Friday, January 06, 2006

THE DEPRESSION YEARS Cont. Life In The 30's.

Wallace A. Johnson MBA
Apollo Project Test Pilot
CDR Spaceship DEWAJ
Senior Navigator Test Pilot


Things were rough in the 30's. My Mother did all she could to keep the family together after my Father passed away. I was 11 and doing rather well in school, but it wasn't without the help of some people I will never forget. In particular, my music teacher Ms. Norris. I was laboring to master the violin and cello, and as it happens from time to time, one of my strings would break, and there I would be. I couldn't afford to buy strings, but somehow, the next time it came to be at practice, Ms. Norris would hand me the necessary string. I know she couldn't afford those extra expenses herself, but as a substitute teacher currently, I know that teachers quite often supply their students with necessary items which students can't afford themselves. Teachers are a special lot, at least the good ones are, and Ms. Norris was one of those. She was very instrumental in my appreciation of music in all of its forms and she was a very imnportant part in the eventual formulation of the person I am now and have been in the past. She was a kind soul and I will never forget her.

Another person I will never forget was a Mr. Ben Duggan. He was an executive for an insurance company there in Houston, Texas. He was notified about my particular circumstances by my home room teacher Ms. Fern Smith. He took it upon himself to more or less adopt the family, me in particular since I was the older of my syblings. I remember on one occassion being taken to a professional baseball game for the first time. It was the Houston Buffaloes, and we had seats right behind home plate. I'm not much on sports, but I was impressed with the whole thing and now realize how kind he was to me and my family. I saw him as a good man who was just trying to do a kind act out of the goodness of his heart. During the war, while I was overseas, my mother wrote me inform me of his passing by sending me a clipping of his obituary which was in the Houston Chronicle. I still have that clipping believe it or not. He was a special person, put on this earth for a special reason, and I now realize I was part of it in a small way. I came to find out that my family wasn't the only one who he helped and he was highly respected in the Houston business community for his various charities.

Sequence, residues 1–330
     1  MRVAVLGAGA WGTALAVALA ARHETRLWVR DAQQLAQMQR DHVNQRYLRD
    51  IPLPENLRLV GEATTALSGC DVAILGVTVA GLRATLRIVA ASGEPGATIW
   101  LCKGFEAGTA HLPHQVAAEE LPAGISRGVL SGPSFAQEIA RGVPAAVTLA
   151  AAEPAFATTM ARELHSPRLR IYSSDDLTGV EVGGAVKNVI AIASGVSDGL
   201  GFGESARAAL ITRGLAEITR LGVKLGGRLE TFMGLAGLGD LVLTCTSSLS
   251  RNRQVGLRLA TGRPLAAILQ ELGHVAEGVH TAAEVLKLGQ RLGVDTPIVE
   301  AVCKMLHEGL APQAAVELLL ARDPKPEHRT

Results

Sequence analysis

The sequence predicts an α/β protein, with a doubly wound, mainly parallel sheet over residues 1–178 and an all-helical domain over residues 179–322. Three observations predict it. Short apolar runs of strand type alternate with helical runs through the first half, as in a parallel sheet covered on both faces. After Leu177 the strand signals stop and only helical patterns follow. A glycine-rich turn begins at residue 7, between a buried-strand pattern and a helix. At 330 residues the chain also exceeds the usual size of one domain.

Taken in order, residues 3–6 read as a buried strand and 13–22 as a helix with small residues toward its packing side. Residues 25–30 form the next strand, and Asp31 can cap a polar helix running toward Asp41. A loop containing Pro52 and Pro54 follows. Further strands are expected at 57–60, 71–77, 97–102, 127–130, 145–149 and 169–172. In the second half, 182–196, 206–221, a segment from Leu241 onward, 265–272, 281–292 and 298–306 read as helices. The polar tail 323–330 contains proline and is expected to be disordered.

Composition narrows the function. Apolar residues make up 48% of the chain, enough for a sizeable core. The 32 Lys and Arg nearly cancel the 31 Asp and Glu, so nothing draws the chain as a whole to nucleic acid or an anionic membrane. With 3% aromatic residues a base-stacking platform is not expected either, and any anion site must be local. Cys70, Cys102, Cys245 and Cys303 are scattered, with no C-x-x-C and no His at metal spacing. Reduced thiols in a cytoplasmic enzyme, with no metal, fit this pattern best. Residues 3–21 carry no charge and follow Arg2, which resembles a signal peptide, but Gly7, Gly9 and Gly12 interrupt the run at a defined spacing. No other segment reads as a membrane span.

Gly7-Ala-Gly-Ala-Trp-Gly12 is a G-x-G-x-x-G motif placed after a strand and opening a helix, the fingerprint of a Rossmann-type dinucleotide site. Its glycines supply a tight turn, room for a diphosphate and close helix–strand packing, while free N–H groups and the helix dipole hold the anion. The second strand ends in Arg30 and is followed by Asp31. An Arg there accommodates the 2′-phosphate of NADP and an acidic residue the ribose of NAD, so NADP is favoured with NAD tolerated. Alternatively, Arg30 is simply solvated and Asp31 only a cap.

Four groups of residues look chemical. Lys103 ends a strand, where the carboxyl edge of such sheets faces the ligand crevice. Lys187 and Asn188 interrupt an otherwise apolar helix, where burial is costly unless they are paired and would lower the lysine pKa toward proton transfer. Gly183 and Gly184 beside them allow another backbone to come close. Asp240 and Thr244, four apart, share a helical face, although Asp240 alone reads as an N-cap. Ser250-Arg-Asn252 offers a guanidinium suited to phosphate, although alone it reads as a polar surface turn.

I mentioned my home room teacher Ms. Fern Smith. If there ever was an angel who walked the earth, she was one. I had her in the third grade while I was attending Hawthorne Elementary School. Let me digress for a moment. While living in Cuba, I had attended school on refinery grounds and was in the third grade. All classes were taught in spanish. I was lucky because my mother would speak to me in Spanish and my Father would speak to me in English. I always responded in Spanish. So I understood both, but my main tongue was Spanish. When I started school in Houston, with my language problems, I was put in the first grade. I picked up my English speaking abilities rapidly and within a years time found myself in the third grade. So I was at the proper grade level for my age in no time. Ms. Smith, was my home room teacher at the time my father passed away and took an immediate interest in me and my family. She became very close to the family and would visit from time to time insuring all was well and that we were being cared for. She was the person who told Mr. Duggan about my family and I kept in constant contact with her with personal visits and correspondence through the years
My first letter from her came when she wrote on the passing of my father. I still have that letter. I wrote to her and visited with her on many occassions through the years until her passing when she was in her 90's. She was an old maid, never married, who was very frugal, but somehow amassed an impresive portfolio of stock holdings and real estate, which came to a sizable sum. I remember clearly, during WWII, I was on leave one day, and I visited her. She was having her lawn mowed by a young boy who lived next door to her and she introduced me to him. I remember the occassion well, because although I was 19 or so at the time, he made an impression on me, for it was obvious Ms. Smith thought well of him. Ms. Smith dabbled in oil paintings and was quite prolific with pastoral scenes and flowers. During one of my letter writings to her in the 90's, I received a letter from an attorney by the name of Kennedy. He informed me of her passing, that he was her lawyer and was the executor of her estate. He informed me that in her estate, she had mentioned me by name, and that I was to have the choice of three of her paintings. Not only was I shocked to hear of her passing, but the fact that she remembered me in this special way was totally unexpected. I have those paintings to this day and I cherish them, but the most surprising thing of this commentary, is the fact that the attorney who contacted me about my legacy was the very same young boy who lived next door to her and to whom I had been introduced to while on Navy leave in 1944. I'ts funny how unimportant little things can seem to be at the time they take place only to realize much later that the moment was a pivotal one in future events. Maybe there is a lesson here for us to consider. I personaly believe that every moment is precious, and that it should be reflected on as important to the extreme. Now that I am in my autumn years, I realize how true this is.


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